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[dif-uh-ren-shee-eyt] /ˌdɪf əˈrɛn ʃiˌeɪt/
verb (used with object), differentiated, differentiating.
to form or mark differently from other such things; distinguish.
to change; alter.
to perceive the difference in or between.
to make different by modification, as a biological species.
Mathematics. to obtain the differential or the derivative of.
verb (used without object), differentiated, differentiating.
to become unlike or dissimilar; change in character.
to make a distinction.
Biology. (of cells or tissues) to change from relatively generalized to specialized kinds, during development.
1810-20; < Medieval Latin differentiātus distinguished (past participle of differentiāre), equivalent to Latin different(ia) difference + -ātus -ate1
Related forms
differentiation, noun
interdifferentiate, verb (used with object), interdifferentiated, interdifferentiating.
redifferentiate, verb, redifferentiated, redifferentiating.
self-differentiating, adjective
undifferentiated, adjective
1. set off. See distinguish. 3. separate. Unabridged
Based on the Random House Dictionary, © Random House, Inc. 2014.
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Examples from the web for differentiated
  • The only thing that differentiated humans from animals was that they had the ability to speak, think, and reason.
  • Some comments have talked about motion but not differentiated between linear and circular motion.
  • The authors suggest that the five models can be differentiated through observations.
  • The system hinges on the ability to use a differentiated enough pattern so each gesture can be looked up quickly in a database.
  • Cinema is evolving from a commodity into a business that sells differentiated products at varied prices.
  • The nuclear membrane and nucleolus are also differentiated during this phase.
  • Even over thousands of generations human groups have not differentiated in any substantial way.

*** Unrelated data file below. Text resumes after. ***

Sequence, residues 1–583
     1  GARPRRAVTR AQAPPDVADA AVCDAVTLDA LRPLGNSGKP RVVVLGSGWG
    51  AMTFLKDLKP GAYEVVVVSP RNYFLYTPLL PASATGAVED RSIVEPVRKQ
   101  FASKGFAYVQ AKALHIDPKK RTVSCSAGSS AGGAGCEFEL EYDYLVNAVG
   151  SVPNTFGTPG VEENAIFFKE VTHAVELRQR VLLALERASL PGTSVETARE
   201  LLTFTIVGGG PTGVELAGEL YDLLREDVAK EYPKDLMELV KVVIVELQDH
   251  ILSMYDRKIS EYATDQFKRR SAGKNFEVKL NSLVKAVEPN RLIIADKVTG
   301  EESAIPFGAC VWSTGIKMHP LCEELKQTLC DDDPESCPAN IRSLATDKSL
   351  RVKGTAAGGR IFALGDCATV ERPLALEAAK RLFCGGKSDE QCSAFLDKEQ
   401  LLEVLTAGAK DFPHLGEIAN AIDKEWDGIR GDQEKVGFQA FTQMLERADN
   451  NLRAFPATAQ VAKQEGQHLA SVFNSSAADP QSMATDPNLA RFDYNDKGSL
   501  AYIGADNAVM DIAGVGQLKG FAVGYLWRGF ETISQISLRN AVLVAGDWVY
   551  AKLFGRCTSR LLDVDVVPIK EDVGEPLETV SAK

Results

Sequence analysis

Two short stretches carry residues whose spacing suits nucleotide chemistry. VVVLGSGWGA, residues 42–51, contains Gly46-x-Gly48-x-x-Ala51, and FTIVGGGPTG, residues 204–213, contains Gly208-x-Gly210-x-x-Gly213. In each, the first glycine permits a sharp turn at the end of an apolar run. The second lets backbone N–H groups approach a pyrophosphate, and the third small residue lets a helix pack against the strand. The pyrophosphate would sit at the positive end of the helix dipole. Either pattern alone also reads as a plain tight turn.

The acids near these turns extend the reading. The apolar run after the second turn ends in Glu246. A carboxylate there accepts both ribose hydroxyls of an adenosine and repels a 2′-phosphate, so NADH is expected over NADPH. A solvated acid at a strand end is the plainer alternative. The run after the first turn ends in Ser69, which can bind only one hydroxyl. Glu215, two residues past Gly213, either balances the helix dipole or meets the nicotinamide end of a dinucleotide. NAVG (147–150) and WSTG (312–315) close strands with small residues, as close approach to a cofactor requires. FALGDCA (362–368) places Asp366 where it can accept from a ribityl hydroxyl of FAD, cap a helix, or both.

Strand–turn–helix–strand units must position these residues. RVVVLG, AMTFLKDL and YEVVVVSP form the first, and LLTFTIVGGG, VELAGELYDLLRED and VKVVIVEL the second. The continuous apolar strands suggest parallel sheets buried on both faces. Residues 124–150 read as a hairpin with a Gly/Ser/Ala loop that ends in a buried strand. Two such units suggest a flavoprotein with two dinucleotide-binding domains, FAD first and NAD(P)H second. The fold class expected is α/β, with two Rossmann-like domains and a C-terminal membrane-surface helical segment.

• It's because the cells were already once fully differentiated, and you can't yet undo all of that.
  • Any signs of hallucinations or delusions must be differentiated from normal childhood fantasies.
  • It still differentiated itself on the purity and quality of its experience.
British Dictionary definitions for differentiated


(transitive) to serve to distinguish between
when intr, often foll by between. to perceive, show, or make a difference (in or between); discriminate
(intransitive) to become dissimilar or distinct
(maths) to perform a differentiation on (a quantity, expression, etc)
(intransitive) (of unspecialized cells, etc) to change during development to more specialized forms
Derived Forms
differentiator, noun
Collins English Dictionary - Complete & Unabridged 2012 Digital Edition
© William Collins Sons & Co. Ltd. 1979, 1986 © HarperCollins
Publishers 1998, 2000, 2003, 2005, 2006, 2007, 2009, 2012
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Word Origin and History for differentiated



1816, from Medieval Latin differentiatus, past participle of differentiare, from Latin differentia (see difference).

Originally a mathematical term; transitive and non-technical sense of "discriminate between" is from 1876. Earlier, difference had been used as a verb in this sense. Related: Differentiated; differentiating; differentiation.

Online Etymology Dictionary, © 2010 Douglas Harper
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